August was my fourth consecutive month with riding mileage above 1,000 miles. I hit 1,030.5 this month, even though I took six days off. I did two rides over 100 miles and one 92 miler.
For the year, I’ve ridden 8,767.5 miles. As most of you know, pulmonary embolisms caused me to fall short of 10,000 miles in 2017. I had a little over a week to go and over 9,900 miles ridden. Of course, when you’re in the hospital dealing with a collapsed lung and a potentially life threatening illness, mileage goals get put in their place.
It does look like I should break the 10,000 mile barrier by the end of October this year. I’ve never done this before so I am pretty psyched about it. A long, long time ago I set a running mileage goal of 3,000 miles. I hit it on December 30.
I had to talk to my car insurance agent today. As you might expect, I get a discount for driving low mileage. I am certain that I have ridden more miles than I have driven this year. It’s probably true of last year too. My agent thinks this is pretty amusing.
On the way to 10,000 miles, I hope to do three event rides: the 50 States, the Boundary Stone, and the Cider Rides. It looks like I will have at least four people riding with me on the 50 States. The Boundary Stone is supposed to be pretty hilly. There is beer at the end though. The Cider Ride is the unofficial end of riding season for me and it has the best after party.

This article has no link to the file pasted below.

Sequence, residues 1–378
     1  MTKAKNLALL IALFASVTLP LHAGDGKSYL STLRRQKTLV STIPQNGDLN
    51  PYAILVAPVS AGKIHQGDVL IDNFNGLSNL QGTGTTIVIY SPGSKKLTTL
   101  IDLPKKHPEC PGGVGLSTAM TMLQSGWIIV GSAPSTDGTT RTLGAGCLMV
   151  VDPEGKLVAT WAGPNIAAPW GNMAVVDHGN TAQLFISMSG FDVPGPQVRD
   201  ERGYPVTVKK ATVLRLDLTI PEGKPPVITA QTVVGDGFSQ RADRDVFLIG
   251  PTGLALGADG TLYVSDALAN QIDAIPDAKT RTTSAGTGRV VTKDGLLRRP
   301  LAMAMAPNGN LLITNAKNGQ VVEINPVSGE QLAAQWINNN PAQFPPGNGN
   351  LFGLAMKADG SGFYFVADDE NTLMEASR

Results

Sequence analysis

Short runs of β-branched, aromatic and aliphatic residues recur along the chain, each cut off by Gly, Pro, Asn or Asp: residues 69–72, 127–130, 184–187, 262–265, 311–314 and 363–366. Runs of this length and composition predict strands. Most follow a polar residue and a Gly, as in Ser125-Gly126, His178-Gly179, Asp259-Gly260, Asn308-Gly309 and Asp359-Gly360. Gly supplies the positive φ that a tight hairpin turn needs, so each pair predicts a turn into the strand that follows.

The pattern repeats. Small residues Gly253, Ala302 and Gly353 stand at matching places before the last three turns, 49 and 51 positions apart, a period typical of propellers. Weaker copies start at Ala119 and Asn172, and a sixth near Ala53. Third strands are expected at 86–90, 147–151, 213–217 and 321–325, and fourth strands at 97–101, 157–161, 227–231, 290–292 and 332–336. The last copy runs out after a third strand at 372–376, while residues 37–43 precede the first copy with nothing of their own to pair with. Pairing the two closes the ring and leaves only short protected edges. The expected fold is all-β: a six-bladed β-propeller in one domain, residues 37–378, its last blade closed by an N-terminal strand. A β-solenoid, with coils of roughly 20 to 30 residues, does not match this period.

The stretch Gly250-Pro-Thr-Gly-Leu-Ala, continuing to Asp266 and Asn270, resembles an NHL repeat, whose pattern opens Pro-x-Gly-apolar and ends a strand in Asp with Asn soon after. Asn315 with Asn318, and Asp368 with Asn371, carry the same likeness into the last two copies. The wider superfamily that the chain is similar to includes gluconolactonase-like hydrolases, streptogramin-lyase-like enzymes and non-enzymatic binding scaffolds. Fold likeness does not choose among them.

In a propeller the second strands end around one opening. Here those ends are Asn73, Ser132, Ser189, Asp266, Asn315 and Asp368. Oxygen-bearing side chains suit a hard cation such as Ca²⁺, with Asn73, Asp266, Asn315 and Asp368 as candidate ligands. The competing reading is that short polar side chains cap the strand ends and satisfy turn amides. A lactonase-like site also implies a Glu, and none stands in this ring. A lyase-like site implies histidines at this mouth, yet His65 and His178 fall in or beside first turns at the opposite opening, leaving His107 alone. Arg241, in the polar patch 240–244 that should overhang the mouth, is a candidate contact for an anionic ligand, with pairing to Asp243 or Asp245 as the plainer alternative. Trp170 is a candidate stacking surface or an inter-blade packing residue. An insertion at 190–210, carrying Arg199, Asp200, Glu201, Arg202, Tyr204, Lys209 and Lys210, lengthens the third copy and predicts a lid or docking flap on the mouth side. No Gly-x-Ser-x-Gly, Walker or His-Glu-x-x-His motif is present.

I plan to install V-brakes on The Mule in the hopes of actually being able to stop the beast. The brakes that I have been test riding for 51,000 miles stink. I am concerned, however, that changing brake levers will alter my seating position. Right now The Mule fits me like a glove. So I am proceeding with caution.
Off the bike I am busy with car maintenance, passport renewals, and getting on the registry of foreign births for Irish citizenship. I also need to take my daughter to at least one baseball game before the end of the season.
I am still thinking about the next big tour. The Grand Canyon is calling me. To ride there then up into Utah would be pretty epic. If I start in mid-March I could ride for three or four months. Who knows what characters I will meet. Rolfers and plant nerds and elevator installers, oh my!
I’ve lost my mind.
But whenever it gets quiet, my thoughts turn to riding the Great Plains and the northern Cascade Mountains. A calm descends. And I feel the urge to hit the road.